Bank of America, J.P. Morgan Chase, Wells Fargo, Amazon, and Verizon gathered a combined US$16 billion in tax breaks in 2018.
More than 90 big, successful and lucrative United States corporations, listed on the Fortune 500 list paid zero dollars in federal income taxes in 2018, according to a report published Monday by the Institute on Taxation and Economic Policy (ITEP).
Among the more than 90 companies, ranked in the 500 of the largest U.S. corporations by total revenue for their respective fiscal years, are famous corporate giants such as Amazon, Halliburton, Chevron, Starbucks, and Delta Air Lines.
ITEP inspected the financial filings from 379 Fortune 500 companies “that were profitable in 2018 and that provided enough information to calculate effective federal income tax rates, which is the share of 2018 pretax profits they paid in federal income taxes in that year.”
In 2018 it was the first year President Donald Trump's tax cuts became operative, drastically reducing the tax rate for corporations from 35 to 21 percent.
ITEP found that 91 of the 379 companies analyzed took advantage of breaks and loopholes to avoid paying federal income taxes despite making a combined profit of US$101 billion.
Bank of America, J.P. Morgan Chase, Wells Fargo, Amazon, and Verizon gathered a combined US$16 billion in tax breaks in 2018, thanks to the Republican tax law signed by Trump signed in 2017.
Amazon— Bernie Sanders (@BernieSanders) December 16, 2019
Delta Air Lines
Total federal income tax paid by these companies last year: $0
"The 379 profitable corporations identified in this study paid an effective federal income tax rate of 11.3 percent on their 2018 income, slightly more than half the statutory 21 percent tax," ITEP said. "The 11.3 percent effective tax rate found in this study is likely the lowest effective tax rate in the last 40 years."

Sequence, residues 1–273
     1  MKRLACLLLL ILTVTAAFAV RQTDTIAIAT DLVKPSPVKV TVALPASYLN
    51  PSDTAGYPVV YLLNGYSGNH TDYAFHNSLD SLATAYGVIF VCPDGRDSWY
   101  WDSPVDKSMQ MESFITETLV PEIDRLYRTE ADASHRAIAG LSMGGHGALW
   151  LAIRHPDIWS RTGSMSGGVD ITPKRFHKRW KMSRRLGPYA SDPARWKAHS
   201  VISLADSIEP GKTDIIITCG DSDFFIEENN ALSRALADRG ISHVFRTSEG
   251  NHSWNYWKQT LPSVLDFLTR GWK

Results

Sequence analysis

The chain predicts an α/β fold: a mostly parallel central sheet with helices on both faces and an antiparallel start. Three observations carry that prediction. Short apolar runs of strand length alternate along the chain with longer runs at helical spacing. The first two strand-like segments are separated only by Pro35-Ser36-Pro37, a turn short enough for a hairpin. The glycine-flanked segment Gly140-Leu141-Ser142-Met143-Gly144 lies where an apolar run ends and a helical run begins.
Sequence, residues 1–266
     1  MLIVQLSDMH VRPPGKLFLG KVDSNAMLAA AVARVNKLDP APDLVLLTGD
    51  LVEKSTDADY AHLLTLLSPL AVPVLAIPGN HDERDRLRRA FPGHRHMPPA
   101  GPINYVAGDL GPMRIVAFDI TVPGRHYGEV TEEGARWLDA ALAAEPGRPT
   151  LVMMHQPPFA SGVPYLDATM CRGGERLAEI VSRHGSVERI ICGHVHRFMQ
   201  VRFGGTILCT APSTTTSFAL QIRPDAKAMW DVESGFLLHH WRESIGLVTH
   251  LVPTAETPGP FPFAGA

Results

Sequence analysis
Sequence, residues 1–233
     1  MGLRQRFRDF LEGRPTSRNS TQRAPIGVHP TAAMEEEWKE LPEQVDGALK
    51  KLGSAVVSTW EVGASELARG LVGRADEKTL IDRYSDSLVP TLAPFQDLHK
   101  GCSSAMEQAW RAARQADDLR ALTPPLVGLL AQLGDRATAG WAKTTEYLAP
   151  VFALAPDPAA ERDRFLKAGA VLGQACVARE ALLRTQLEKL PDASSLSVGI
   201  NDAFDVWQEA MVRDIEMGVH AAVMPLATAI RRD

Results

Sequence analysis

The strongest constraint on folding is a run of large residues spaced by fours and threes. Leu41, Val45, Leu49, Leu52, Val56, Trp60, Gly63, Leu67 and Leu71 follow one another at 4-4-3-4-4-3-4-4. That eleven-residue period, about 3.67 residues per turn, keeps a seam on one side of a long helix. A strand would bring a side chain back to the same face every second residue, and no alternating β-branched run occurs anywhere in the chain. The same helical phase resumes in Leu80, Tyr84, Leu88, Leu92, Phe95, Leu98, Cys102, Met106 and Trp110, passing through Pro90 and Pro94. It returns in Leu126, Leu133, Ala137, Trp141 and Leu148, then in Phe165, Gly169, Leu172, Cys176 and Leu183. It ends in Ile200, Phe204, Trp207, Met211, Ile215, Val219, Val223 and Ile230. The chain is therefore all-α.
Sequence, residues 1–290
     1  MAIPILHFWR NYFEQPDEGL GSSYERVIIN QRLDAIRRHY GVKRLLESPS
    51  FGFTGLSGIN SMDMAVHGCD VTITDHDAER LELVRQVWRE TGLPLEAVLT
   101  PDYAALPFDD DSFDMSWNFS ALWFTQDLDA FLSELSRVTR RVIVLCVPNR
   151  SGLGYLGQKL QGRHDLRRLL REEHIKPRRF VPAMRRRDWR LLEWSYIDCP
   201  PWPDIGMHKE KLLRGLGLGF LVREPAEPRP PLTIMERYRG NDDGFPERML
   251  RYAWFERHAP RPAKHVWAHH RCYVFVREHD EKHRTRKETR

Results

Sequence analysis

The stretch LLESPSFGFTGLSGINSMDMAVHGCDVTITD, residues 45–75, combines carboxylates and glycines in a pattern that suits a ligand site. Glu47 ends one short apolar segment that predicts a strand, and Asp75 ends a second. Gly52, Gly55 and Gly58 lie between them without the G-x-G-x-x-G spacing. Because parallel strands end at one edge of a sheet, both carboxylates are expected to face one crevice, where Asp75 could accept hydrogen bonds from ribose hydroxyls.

Senior fellow at ITEP and lead author of the report Matthew Gardner said the 2017 Trump tax law was "destined to fail to live up to its grand promises."
"Proponents of the law claimed it would boost federal corporate tax revenue, but that is nearly impossible since the law not only reduced the corporate tax rate, it also left some of the most egregious loopholes intact," Gardner said in a statement. "The 2017 tax law was a clear giveaway to corporations and their shareholders."
"The key takeaway from this study is that the 2017 tax law is working out well for profitable corporations, which are paying some of the lowest tax rates that ITEP has recorded in the nearly 40 years it has been examining corporate taxes," said the expert.
"By enacting a law that dramatically reduced corporate tax collections, lawmakers weakened the nation's ability to adequately fund critical priorities," Gardner added.
According to an analysis of tax data by the University of California at Berkeley's Emmanuel Saez and Gabriel Zucman for their upcoming book "The Triumph of Injustice," billionaires paid 23 percent of their income in federal, state, and local taxes in 2018, while the average U.S. citizen, meanwhile, paid 28 percent.